Social Media Mistakes Your Company Must Avoid1. Leaving your profile incompleteSigning up for an account is easy; completing it requires a little more thought. Leavingyour profile only partly filled out not only looks unprofessional, but it also forgoes thechance to communicate a little more about who you are as a company.Make sure yours is complete, and take advantage of options like your picture andadded links to give viewers a better feel for your companys personality.2. Not having enough fresh contentYou cant engage your followers if you let your account sit idle -- theyll probablywonder why they bothered to follow you in the first place and soon delete you offtheir lists.On the flip side, how much updating can you get away with? In an article for OPENForum, social media expert Guy Kawasaki responds with, "It depends on severalfactors: How much do your followers love the company? How good are the deals thatyou offer? How much real content and interaction do the company’s tweetscontain? For sure, the answer is not None."3. Dont spamOn the other hand, bombarding your followers with automated or unwantedmessages will only serve to irritate them and can get you a reputation as a spammer.Tools like Twitterfeed allow you to automatically send certain updates to youraccount. Convenient, yes, but beware: if those are the only posts you have, youraccount is going to feel impersonal, and it will completely negate the interactiveelement of social media marketing, according to Rescue Marketing.Similarly, never employ tactics such as hashtag spamming, which Jennifer Van Groveof OPEN Forum defines as an instance "when a Twitterer appends a trending topic onTwitter to their tweets simply to gain extra attention." Not cool, and a surefire way tolose credibility.4. Not separating your business and personal accountsThe last thing your clients need to hear about is your kids soccer game or what youredoing on a Saturday night.You are allowed to have multiple accounts on each social media platform, so use thatprivilege -- separate your personal account from your business account.5. Letting politics and other personal opinions leak into your business accounts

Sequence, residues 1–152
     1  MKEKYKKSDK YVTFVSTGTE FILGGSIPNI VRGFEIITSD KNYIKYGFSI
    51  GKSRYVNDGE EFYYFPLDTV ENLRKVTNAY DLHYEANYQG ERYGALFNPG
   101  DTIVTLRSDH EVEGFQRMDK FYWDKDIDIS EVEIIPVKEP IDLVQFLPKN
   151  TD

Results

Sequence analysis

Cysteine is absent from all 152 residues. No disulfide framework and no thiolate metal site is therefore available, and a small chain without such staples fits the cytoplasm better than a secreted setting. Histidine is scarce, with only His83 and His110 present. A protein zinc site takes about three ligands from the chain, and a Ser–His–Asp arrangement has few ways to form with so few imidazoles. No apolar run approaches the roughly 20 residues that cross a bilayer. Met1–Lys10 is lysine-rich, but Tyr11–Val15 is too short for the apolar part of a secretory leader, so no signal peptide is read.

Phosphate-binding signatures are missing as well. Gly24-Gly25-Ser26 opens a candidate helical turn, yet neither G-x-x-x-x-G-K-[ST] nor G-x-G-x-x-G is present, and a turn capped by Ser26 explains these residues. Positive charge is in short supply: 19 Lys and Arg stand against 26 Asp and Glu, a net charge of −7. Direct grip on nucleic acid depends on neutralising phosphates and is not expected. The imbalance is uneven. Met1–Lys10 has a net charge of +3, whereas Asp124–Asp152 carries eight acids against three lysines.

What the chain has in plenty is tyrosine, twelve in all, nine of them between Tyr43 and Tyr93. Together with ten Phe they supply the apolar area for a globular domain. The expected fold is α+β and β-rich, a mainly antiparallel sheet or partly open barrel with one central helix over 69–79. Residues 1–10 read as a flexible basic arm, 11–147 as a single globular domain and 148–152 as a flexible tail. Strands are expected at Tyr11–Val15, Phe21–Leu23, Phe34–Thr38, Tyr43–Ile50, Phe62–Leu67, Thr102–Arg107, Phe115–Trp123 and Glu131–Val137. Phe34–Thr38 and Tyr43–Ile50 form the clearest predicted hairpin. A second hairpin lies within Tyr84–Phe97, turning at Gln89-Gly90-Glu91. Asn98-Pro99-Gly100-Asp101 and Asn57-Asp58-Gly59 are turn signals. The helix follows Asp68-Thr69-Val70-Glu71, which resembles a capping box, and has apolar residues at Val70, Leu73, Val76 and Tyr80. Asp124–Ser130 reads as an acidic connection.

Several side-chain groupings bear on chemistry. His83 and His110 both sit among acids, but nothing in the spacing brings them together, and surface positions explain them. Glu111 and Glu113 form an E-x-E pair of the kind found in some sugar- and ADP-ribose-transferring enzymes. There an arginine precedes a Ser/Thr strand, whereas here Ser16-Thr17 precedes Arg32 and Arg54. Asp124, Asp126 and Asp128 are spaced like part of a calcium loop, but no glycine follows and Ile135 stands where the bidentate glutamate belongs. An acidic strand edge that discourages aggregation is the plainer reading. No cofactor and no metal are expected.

Your businesss Twitter stream is not an appropriate place for you to vent about yourstance on anything related to politics or other similarly personal subjects that havethe potential to offend.If you wouldnt bring those topics up in a client meeting, the same standards apply forsocial media sites.6. Fake friendingYes, youre excited about suddenly having free access to millions of potentialcustomers. But friending them all at once comes across as spammy and in-genuine --descriptors that you do not want associated with your business.Small Business Trends recommends going for quality over quantity: "Seek out thepeople who will be most vocal about you. Then, go out of your way for them. Helpthem. Connect with them. Build real relationships. That is how social media becomespowerful. Fake friends aren’t going to click your links, they won’t visit your site, andthey won’t buy your products."7. Being pushyYou should treat each new follower online as you would every potential client youmeet in person -- which means not pushing your product on them the instant youreintroduced."Direct marketing can work in social media, but you need to create the relationshipsbefore you try and call on them," according to Small Business Trends.Avoid the temptation to direct message someone and ask them to buy your productthe second they friend or follow you, and instead focus on building a relationship withthem first.8. Not maintaining a consistent image across the boardYour social media accounts are now part of your larger brand identity, which meansthey should reflect your brand consistently within the contexts of each social mediasite.The Small Business Advocate writes, "When all of your social media sites, as well asyour primary web site, have a similar look and feel, you put out a consistent brandthat prospects and clients remember."Make sure the style of such elements as your background images, photos, andlanguage are consistent with your overall web strategy across the board.9. Using the same strategy on every siteEvery social media site is different, and each requires a different approach.